The setup of “The Head” is fantastic for anyone who enjoys remote, one-off mysteries (which I admit is an easy sell for yours). Besides the flashbacks, all six episodes take place in Antarctica, mostly at a research station called Polaris VI. It opens up with everyone in a good mood even though they’re about to go their separate ways. The sun will soon be gone for six consecutive months, meaning there will be a limited team at the station for the season known as the Winterers, who will continue research into stopping global warming led by a renowned biologist. named Arthur Wilde (John Lyncher). Months later, Summer Commander Johan Berg (Alexandre Willaume) returns to the station to find an absolute nightmare: blood on the ground, bullet holes in a wall when there were no weapons to the station, and the bodies of his friends and colleagues. Johan’s wife Annika (Laura Bach) is missing, and he must unravel what happened at Polaris VI with the help of the only survivor, Maggie (Katharine O’Donnelly), but his memory is uneven and possibly unreliable. And then they discover that they may not be alone.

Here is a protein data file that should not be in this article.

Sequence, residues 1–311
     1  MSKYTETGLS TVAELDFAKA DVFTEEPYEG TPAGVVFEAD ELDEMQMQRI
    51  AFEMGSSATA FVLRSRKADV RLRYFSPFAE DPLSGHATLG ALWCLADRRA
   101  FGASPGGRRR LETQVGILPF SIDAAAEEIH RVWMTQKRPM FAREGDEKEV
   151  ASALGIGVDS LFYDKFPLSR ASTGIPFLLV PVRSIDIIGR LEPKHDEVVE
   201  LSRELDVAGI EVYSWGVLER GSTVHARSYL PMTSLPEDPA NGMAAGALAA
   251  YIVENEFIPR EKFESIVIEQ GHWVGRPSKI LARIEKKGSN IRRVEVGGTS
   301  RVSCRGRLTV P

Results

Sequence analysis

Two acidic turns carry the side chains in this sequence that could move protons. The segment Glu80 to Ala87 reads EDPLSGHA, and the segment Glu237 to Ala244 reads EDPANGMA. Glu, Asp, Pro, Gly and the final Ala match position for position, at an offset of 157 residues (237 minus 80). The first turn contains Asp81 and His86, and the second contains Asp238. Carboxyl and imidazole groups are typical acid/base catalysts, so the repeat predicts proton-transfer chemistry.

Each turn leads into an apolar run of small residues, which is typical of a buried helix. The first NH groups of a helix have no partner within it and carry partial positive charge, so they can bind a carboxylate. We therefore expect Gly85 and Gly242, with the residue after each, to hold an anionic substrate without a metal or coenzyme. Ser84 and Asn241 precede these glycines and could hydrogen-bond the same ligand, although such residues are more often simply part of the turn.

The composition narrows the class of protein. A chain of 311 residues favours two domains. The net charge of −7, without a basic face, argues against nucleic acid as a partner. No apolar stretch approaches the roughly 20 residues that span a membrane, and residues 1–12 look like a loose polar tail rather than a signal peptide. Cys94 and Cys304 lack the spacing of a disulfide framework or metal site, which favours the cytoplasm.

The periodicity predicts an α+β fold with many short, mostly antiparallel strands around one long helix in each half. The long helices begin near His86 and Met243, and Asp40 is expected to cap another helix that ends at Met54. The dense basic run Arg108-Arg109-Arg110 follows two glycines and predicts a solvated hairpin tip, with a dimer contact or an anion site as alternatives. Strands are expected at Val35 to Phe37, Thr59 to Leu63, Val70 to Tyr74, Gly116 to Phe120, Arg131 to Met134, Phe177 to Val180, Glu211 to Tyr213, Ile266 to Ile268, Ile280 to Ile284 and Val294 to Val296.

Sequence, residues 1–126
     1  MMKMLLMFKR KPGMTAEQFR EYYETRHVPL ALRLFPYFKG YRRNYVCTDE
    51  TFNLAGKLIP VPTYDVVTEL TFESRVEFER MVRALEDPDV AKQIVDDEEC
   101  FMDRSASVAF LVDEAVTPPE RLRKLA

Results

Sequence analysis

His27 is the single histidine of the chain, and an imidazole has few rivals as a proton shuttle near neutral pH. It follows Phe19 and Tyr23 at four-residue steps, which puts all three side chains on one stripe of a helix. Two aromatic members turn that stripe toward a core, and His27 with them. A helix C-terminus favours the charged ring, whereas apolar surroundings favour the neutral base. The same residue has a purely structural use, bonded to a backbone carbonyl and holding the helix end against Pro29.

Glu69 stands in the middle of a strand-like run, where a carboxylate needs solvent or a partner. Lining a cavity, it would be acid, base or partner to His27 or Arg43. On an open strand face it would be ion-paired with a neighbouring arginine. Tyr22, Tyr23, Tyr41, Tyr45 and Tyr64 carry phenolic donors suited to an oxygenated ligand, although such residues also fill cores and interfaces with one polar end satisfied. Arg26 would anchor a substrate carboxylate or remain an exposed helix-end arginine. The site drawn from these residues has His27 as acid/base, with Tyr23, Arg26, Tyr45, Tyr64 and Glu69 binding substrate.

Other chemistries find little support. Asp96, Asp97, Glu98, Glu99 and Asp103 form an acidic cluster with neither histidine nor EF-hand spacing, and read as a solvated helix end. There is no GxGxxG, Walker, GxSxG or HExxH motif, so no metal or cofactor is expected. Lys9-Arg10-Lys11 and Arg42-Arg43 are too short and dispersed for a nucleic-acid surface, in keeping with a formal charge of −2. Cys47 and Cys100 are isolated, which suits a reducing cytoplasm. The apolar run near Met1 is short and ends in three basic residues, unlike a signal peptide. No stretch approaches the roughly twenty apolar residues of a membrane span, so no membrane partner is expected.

“The Head” addresses its “The Thing” lineage early on by asking the crew to perform the annual tradition of watching it at the station, but it’s not that kind of horror series. Oh, that’s horrible – I’m not going to spoil why it’s called ‘The Head’, but you can imagine – but it’s more about survival and human cruelty to man than of external forces. Creators David & Alex Pastor and David Troncoso cleverly interconnect between the current investigation of what happened and flashbacks that fill in the details but raise more and more questions along the way. Willaume is a strong foreground man, capturing the multiple layers of Johan, a man whose main goal is to understand what happened to his wife (and if she might still be alive), but also has to worry of what happened on Polaris. VI could recur. It’s a mystery series mixed in with a survival story at the same time, like someone investigating a crime scene while maybe still active. It gives “The Head” a unique tension and sense of danger. And O’Donnelly is even better, serving as the play’s narrator, but raising enough questions about her motives and reliability to keep her enigmatic.
I’m not sure all of the answers from the latter half of the six-episode season add up satisfactorily, especially a shocking twist taped for the ending, but there’s enough to admire about the entire production that we forgive them for not sticking the landing. It’s a fun, escape-genre TV with enough unexpected twists to keep disbelief hanging just trying to keep up with every new reveal. And who can’t understand losing their mind a little in an isolated state during the numbing cold of winter right now?
All season examined.